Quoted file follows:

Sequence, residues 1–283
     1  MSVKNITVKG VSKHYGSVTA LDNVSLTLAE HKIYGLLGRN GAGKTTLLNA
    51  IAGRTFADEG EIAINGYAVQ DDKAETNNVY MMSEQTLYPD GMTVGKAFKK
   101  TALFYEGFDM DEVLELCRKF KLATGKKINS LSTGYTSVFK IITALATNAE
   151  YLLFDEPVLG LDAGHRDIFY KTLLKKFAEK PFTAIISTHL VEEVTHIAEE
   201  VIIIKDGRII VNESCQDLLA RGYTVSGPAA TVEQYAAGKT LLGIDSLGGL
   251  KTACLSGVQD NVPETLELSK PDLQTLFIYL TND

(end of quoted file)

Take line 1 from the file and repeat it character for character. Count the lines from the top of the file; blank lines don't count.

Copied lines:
Sequence, residues 1–283